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Prison closing a blow to County

by Larry Patrick

WALSENBURG- Walsenburg and Huerfano County could face an economic loss of up to 20 million dollars in the next year if CCA closes its prison in April. With 90 employees from Huerfano County facing job losses, Huerfano County Administrator, John Galusha says the loss in wages alone would amount to 2.7 million dollars based on an average of $30,000 per local employee of CCA. A dollar goes through a community up to 7 times, benefiting businesses and individuals. That would amount to around 20 million dollars. That doesn’t tell the entire financial story.

    The news last week that Arizona was transferring all of their 700 prisoners from the CCA prison in Walsenburg back to Arizona was devastating news for the Huerfano County area. Arizona had just made a deal last year to transfer those prisoners to Walsenburg and pay more to house them than Colorado would for the prisoners that were here. The economy played a major part in the decision by Arizona officials to take their prisoners back. It could also leave a gaping hole in the local economy if CCA is unable to garner another contract to house prisoners in Walsenburg.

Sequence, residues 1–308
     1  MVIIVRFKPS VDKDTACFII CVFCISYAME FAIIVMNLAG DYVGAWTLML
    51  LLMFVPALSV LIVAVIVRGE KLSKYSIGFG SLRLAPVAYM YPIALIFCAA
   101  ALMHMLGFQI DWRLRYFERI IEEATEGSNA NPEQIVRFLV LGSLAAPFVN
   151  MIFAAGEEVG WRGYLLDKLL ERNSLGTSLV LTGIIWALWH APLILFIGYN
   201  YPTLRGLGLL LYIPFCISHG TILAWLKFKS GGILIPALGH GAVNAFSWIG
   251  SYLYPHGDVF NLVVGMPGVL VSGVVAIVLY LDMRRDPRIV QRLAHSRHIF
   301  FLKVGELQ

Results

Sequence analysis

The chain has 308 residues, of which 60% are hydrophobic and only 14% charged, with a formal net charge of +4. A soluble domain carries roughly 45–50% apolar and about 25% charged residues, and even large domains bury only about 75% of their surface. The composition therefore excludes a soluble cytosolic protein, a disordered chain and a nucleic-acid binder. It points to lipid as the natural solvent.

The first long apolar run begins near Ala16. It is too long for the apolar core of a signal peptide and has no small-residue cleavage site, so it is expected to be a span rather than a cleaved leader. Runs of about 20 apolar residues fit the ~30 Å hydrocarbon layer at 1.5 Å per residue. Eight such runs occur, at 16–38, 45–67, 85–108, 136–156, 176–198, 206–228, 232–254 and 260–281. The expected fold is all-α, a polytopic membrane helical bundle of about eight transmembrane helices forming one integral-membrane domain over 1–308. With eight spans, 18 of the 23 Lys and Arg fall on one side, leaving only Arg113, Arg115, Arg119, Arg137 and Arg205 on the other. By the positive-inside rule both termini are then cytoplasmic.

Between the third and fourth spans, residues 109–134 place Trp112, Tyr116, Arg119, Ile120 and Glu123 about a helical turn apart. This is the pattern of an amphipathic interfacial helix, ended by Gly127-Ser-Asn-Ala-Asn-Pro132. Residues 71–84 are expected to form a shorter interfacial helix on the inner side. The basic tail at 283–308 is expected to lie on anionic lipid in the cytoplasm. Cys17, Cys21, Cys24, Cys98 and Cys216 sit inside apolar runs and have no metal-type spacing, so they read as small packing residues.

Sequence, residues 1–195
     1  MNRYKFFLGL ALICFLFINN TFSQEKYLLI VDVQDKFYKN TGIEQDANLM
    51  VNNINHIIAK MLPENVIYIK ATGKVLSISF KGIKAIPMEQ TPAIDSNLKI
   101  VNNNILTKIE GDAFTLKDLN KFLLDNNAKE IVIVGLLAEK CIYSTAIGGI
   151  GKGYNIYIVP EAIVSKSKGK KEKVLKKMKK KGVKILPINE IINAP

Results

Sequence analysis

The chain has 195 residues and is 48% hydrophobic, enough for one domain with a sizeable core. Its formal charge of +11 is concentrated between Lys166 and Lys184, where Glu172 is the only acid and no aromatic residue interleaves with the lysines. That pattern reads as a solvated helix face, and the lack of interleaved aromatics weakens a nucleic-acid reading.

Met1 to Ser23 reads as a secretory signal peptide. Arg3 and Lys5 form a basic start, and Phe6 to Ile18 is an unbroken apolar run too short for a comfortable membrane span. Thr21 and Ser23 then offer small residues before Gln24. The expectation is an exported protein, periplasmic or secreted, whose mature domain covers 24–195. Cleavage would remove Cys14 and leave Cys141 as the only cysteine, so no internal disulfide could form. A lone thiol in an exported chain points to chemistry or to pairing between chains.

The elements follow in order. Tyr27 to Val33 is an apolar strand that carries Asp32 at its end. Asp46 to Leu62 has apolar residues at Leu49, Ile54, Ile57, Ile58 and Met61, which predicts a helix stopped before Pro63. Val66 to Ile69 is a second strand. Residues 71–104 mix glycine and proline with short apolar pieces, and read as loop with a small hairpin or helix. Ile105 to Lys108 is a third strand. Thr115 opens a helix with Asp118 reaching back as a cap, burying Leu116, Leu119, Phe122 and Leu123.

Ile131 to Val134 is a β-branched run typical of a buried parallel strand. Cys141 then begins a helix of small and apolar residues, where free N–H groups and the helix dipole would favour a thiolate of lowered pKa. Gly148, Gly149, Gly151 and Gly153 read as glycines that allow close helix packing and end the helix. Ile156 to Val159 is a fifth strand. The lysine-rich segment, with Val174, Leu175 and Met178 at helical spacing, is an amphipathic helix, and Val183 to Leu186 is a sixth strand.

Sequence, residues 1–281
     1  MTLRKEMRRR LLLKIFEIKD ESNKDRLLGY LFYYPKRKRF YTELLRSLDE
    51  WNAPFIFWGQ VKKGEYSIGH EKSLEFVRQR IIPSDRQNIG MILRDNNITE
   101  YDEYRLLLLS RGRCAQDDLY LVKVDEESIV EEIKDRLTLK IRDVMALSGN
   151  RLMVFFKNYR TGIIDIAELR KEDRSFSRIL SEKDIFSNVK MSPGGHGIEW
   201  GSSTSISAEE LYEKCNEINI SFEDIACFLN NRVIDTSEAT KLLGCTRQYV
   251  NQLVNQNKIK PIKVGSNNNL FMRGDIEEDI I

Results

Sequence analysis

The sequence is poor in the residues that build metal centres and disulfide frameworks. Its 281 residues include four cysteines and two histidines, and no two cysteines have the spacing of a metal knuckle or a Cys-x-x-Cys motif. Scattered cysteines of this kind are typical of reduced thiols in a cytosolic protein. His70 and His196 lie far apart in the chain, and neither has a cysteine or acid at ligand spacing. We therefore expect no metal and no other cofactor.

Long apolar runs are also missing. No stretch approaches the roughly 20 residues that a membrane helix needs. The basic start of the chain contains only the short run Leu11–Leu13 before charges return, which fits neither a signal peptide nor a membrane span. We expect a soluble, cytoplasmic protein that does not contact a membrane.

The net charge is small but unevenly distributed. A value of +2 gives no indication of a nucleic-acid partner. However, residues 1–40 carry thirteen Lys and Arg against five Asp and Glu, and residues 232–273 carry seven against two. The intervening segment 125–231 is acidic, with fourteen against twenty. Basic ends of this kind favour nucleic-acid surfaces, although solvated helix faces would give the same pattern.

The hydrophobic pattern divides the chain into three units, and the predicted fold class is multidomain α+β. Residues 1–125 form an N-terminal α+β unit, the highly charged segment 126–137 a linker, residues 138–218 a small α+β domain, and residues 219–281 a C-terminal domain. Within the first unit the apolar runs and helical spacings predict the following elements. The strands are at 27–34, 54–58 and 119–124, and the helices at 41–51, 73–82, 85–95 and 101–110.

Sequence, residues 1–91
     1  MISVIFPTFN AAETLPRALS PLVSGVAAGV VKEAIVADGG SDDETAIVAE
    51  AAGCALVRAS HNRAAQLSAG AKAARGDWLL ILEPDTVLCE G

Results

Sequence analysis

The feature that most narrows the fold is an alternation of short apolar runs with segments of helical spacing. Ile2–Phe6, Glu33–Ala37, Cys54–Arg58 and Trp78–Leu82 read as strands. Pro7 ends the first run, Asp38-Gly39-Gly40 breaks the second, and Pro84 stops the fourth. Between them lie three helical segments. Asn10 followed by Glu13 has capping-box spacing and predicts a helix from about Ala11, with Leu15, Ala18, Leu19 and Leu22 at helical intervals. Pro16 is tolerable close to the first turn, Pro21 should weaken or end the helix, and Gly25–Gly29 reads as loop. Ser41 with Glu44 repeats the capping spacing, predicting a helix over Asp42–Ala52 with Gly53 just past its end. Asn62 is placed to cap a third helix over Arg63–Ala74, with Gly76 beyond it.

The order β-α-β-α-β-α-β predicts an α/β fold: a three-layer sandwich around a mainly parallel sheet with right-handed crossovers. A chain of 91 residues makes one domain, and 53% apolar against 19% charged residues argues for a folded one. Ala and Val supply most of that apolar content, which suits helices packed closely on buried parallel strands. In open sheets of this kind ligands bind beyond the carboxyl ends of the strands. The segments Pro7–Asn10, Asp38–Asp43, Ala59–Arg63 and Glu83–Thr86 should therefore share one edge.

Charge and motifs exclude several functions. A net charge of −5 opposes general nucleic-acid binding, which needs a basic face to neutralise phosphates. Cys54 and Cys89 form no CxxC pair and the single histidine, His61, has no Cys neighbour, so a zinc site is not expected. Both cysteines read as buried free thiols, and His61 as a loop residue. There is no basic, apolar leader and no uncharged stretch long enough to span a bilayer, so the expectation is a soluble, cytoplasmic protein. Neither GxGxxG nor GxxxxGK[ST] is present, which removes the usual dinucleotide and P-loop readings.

CCA says it is seeking another contract to keep the prison in Walsenburg open but they also have a facility in Oklahoma that is 3 times larger than the one locally that is also in danger of closing because of Arizona’s decision.

    Mayor Bruce Quintana’s comment on a Pueblo TV station last week that the City of Walsenburg will just have to try and find a replacement for CCA jobs is easier said than done in this economy. CCA employs 188 people, approximately 90 of which live in Huerfano County. There’s too much revenue to be lost so the Huerfano County Commissioners, City of Walsenburg and other community leaders will be working to encourage CCA to find a way to stay. In situations like this, the prevailing wisdom is that it is easier to try and keep what you have than trying to find a replacement for it.

    Galusha, says a Colorado legislative committee, the County Commissioners and CCA have met to discuss the situation. CCA is looking to California and Texas to see if they have prisoners they might consider sending here or their prison in Oklahoma.  CCA is responsible for the current amount of property taxes for this year and 2011 which amounts to around $700,000 per year. CCA would still be responsible for property taxes after that but the amount could be different.

    There is money available from the Sudden & Severe Economic Dislocation Fund that the City of Walsenburg and Huerfano County could be qualified. The money is for communities that lose a major business that affects over 10% of the workforce. The dollars could be used to try and find employment for displaced workers locally.

    Here is what Walsenburg and Huerfano County both face if CCA does indeed close their doors in April: